Monday, August 6, 2018

Luke 7:1-17

Remember that Jesus is living out the new wine in new wineskins throughout these chapters. His kingdom and his way and his kingship stands in stark contrast to the ironclad rules of human existence as they have been known in the past.

There are a couple absolutes of this world that Jesus contradicts in these verses. The first rule is, "Our tribe above all others." The second is, "Death has the final say."

The Roman centurion is a perfect example of one who not only calls Jesus "Lord" (see the last verses of chapter 6) but also puts a life-changing trust in him. Through the rigid structures and requisite obedience of the Roman army, God has given himself a witness in this man's life. The centurion uses his military experience and authority to put himself under Jesus' authority, and it is a remarkable testimony both to Jesus and the Jews. Interestingly, the Jews surrounding Jesus make a claim that the centurion deserves Jesus' attention because of his good works, but the centurion himself makes no such claim. Instead he defers to Jesus' power and mercy, never trying to argue for his own way.

The dead man, of course, is beyond any appeal at all. Death is just the final, despairing end of all things. Except that Jesus turns even this (sorry, Ben Franklin) on its head. Instead of the hopelessness of a mother stumbling along in her son's funeral procession, Jesus creates wonder, awe, and new life.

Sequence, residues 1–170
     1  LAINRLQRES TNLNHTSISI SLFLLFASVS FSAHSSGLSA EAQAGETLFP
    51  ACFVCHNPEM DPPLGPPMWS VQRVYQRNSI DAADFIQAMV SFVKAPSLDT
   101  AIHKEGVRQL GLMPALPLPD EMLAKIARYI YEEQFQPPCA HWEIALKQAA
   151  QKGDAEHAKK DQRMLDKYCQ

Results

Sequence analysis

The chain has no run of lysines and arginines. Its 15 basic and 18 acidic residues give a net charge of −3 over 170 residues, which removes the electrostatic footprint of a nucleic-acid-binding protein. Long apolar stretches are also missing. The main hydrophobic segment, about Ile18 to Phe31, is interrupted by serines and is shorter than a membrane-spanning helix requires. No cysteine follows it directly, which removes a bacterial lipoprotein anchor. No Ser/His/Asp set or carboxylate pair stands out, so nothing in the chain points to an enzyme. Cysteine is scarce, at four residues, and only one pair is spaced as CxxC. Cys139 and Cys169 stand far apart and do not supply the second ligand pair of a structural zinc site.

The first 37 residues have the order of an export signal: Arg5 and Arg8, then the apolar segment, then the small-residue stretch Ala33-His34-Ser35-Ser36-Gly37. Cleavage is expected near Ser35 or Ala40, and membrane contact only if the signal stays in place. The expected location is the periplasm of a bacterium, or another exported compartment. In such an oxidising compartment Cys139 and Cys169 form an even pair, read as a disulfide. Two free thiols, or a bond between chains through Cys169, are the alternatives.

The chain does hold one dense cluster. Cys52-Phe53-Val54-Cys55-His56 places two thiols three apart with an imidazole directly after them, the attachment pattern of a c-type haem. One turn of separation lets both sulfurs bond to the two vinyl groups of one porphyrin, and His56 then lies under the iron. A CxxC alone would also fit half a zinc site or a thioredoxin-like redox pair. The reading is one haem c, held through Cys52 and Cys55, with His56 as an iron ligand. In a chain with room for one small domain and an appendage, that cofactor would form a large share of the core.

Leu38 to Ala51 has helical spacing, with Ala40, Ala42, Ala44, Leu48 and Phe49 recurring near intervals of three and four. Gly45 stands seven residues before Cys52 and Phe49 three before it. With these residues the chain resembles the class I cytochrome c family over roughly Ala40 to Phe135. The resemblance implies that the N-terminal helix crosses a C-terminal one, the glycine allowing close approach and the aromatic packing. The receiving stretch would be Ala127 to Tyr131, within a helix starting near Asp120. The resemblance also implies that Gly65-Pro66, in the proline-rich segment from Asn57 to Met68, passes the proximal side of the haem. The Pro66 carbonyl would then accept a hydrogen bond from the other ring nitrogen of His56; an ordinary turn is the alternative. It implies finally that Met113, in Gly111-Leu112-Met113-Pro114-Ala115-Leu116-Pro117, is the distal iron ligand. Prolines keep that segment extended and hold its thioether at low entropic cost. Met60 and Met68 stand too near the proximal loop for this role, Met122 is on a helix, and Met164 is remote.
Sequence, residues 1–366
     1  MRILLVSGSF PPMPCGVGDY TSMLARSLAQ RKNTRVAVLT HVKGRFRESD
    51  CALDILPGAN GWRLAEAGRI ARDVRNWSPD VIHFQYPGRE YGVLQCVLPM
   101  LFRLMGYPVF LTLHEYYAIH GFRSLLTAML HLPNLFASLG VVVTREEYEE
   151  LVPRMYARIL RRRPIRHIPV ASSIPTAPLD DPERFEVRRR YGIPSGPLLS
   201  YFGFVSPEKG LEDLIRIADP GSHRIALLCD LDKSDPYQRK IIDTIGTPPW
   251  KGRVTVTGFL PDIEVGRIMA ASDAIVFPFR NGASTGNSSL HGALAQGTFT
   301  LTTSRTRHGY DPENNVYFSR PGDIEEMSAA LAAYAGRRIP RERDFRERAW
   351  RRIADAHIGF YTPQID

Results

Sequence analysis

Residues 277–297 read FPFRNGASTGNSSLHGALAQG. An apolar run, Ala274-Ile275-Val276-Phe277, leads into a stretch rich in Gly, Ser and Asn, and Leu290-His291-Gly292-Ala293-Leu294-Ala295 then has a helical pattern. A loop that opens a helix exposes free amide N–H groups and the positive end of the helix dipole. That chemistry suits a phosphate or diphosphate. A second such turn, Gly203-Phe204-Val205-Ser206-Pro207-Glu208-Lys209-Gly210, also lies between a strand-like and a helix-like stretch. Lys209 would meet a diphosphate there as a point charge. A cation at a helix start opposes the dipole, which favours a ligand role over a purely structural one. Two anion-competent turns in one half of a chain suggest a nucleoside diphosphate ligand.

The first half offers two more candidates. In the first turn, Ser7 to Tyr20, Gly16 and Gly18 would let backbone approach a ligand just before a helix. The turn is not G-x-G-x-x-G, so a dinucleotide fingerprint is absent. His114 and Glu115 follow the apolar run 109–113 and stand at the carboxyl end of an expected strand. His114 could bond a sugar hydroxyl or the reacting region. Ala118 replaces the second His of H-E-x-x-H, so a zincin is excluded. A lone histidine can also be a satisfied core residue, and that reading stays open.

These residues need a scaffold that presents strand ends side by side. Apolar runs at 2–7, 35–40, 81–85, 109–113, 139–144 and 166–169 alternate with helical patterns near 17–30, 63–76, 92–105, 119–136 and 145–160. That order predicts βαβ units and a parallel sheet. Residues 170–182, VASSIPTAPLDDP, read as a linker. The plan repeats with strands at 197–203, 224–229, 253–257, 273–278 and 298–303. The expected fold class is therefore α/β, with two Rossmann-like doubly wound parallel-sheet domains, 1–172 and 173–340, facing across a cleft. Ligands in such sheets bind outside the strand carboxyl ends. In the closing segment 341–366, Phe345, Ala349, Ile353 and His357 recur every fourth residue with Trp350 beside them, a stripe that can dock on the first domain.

Both of these incidents point to the supreme kingly authority of Jesus himself. These actions are parables-in-action. In the first, the hated outsider, the Roman oppressor, submits to God's grace. He is a representative of "all the nations" who will be blessed through Abraham's descendants (see Genesis 12). The raising of the widow's son at Nain (a minor village in southeastern Galilee, about five miles from Nazareth) flies in the face of the grief and hopelessness death always brings. The Old Testament is full of many statements about the finality of death, and there are just a few remarkable spots where it hints that there might be hope that God will someday defeat even death.

We often miss an element in this story -- the mother herself. Luke is careful to tell us that the man is the only son of his mother, and that she is a widow. Luke also says specifically that Jesus had compassion on her. It is hard for us to understand the economic terror that faced this woman. As a widow deprived of her only son, she now had no means of support, no rights, no status. She would be consigned to begging at best. When Jesus raises the young man, we are told Jesus gives him specifically to his mother. Jesus not only resuscitates the young man's dead body, but he gives the woman back her life as well. If we pay attention, Luke is very good at showing us how Jesus pays attention to women, treating them as fully human, bearers of the image of God, partners in his ministry and more. Again, it is difficult for us to envision how far outside the norms this was in Jesus' day and his culture. He stands as king in a kingdom that contradicts the ironclad rules of our existence.

The people of his own day had trouble understanding who Jesus was and what he had come to accomplish. That's what we'll see next time as even John the Baptist starts to question Jesus' work.

No comments:

Post a Comment